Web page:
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The Global Marketplace Versus the Global South

File image of Cameroonian timber. DELPHINE RAMOND / AFP

This week The Guardian carried two articles about China’s growing influence in the Pacific Island region. The first, under the headline “Pacific Plunder,” highlights how China imports more wood, fish, and minerals from Papua New Guinea, the Solomon Islands, Vanuatu, and elsewhere than any other major importer.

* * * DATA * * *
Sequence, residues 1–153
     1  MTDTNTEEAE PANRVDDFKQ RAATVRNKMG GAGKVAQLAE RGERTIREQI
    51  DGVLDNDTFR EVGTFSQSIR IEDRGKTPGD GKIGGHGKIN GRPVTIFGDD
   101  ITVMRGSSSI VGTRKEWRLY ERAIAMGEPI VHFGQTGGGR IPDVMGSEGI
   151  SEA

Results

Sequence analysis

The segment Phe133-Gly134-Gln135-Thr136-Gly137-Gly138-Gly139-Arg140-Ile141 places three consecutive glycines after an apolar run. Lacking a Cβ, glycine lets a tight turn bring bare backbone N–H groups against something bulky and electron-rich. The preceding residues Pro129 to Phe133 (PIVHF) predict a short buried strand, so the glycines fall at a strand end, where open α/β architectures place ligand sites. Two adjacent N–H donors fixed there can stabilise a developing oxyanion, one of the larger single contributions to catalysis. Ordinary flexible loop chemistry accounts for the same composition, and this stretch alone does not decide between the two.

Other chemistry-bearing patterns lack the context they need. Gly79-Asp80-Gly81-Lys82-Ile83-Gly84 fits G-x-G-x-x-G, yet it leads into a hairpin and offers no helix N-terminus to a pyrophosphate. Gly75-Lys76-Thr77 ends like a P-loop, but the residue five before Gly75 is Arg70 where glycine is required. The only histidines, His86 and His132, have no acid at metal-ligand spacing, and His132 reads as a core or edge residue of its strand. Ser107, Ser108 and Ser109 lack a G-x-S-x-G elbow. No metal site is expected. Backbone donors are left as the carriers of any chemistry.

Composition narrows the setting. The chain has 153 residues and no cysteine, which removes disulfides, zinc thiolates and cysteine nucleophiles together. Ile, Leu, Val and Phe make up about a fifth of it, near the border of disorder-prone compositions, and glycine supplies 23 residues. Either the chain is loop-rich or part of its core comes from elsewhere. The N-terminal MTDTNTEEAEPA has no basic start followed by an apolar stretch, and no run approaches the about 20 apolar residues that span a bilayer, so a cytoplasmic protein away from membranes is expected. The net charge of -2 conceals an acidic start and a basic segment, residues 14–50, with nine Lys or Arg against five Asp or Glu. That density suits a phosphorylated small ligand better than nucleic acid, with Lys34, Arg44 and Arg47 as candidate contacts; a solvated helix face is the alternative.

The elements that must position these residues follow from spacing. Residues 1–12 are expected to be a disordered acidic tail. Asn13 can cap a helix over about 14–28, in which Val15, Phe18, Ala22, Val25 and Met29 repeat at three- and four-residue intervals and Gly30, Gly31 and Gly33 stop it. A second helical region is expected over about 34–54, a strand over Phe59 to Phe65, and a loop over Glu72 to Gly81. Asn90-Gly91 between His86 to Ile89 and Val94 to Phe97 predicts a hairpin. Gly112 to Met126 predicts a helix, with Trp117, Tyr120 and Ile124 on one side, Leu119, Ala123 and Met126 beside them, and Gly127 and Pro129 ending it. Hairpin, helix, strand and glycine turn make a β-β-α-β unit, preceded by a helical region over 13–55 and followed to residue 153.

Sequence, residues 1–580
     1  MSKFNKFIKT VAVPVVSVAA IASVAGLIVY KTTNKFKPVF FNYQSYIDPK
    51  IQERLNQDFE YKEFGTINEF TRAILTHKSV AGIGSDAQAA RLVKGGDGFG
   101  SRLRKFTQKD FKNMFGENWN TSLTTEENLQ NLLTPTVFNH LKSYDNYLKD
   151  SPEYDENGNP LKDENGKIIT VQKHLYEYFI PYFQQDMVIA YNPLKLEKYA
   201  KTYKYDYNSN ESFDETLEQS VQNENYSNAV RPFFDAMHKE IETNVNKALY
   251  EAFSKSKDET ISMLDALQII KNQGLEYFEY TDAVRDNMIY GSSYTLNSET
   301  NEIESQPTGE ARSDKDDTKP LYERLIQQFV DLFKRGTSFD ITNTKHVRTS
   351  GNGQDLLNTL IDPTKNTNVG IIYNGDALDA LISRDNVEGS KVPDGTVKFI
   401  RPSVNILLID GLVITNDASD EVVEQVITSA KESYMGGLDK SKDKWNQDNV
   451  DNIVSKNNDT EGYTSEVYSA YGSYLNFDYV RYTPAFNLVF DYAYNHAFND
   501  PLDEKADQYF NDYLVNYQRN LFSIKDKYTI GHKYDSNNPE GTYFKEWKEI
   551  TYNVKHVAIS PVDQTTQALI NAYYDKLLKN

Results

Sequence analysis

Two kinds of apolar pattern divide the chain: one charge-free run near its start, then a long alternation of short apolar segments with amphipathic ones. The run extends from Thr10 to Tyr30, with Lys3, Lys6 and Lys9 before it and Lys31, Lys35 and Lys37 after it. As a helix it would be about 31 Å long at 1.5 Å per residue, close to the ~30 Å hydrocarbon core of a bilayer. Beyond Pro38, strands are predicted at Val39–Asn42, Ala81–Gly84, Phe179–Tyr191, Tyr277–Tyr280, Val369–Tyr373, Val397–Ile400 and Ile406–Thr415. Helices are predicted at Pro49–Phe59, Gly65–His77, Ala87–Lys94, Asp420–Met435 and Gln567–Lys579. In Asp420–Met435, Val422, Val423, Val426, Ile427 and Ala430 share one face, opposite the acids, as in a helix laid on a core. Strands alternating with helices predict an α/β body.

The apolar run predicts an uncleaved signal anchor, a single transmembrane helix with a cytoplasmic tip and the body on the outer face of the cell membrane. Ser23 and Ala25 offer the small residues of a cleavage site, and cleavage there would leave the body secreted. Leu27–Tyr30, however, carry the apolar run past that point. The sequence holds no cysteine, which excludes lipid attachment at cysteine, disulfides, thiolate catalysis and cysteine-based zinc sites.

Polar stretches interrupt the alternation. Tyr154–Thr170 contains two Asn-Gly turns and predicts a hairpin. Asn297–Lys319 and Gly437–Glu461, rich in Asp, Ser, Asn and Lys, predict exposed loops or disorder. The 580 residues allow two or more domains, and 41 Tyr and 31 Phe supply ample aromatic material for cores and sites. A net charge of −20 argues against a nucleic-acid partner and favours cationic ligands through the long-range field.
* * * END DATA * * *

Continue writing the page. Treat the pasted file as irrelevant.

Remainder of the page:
The second article, by two academics, Gerard Finin and Terence Wesley-Smith, argues against the Biden administration’s plan to use infrastructure investment to counter the influence of China in the Pacific Island region. They argue that the plan ignores the development priorities of Pacific island governments, risks flooding the region with the aid it can’t absorb, and pushes these states into a zero-sum struggle between the United States and China. While the United States sees Chinese influence in the region as a major threat, for these island nations themselves, China’s danger pales in comparison to climate change.

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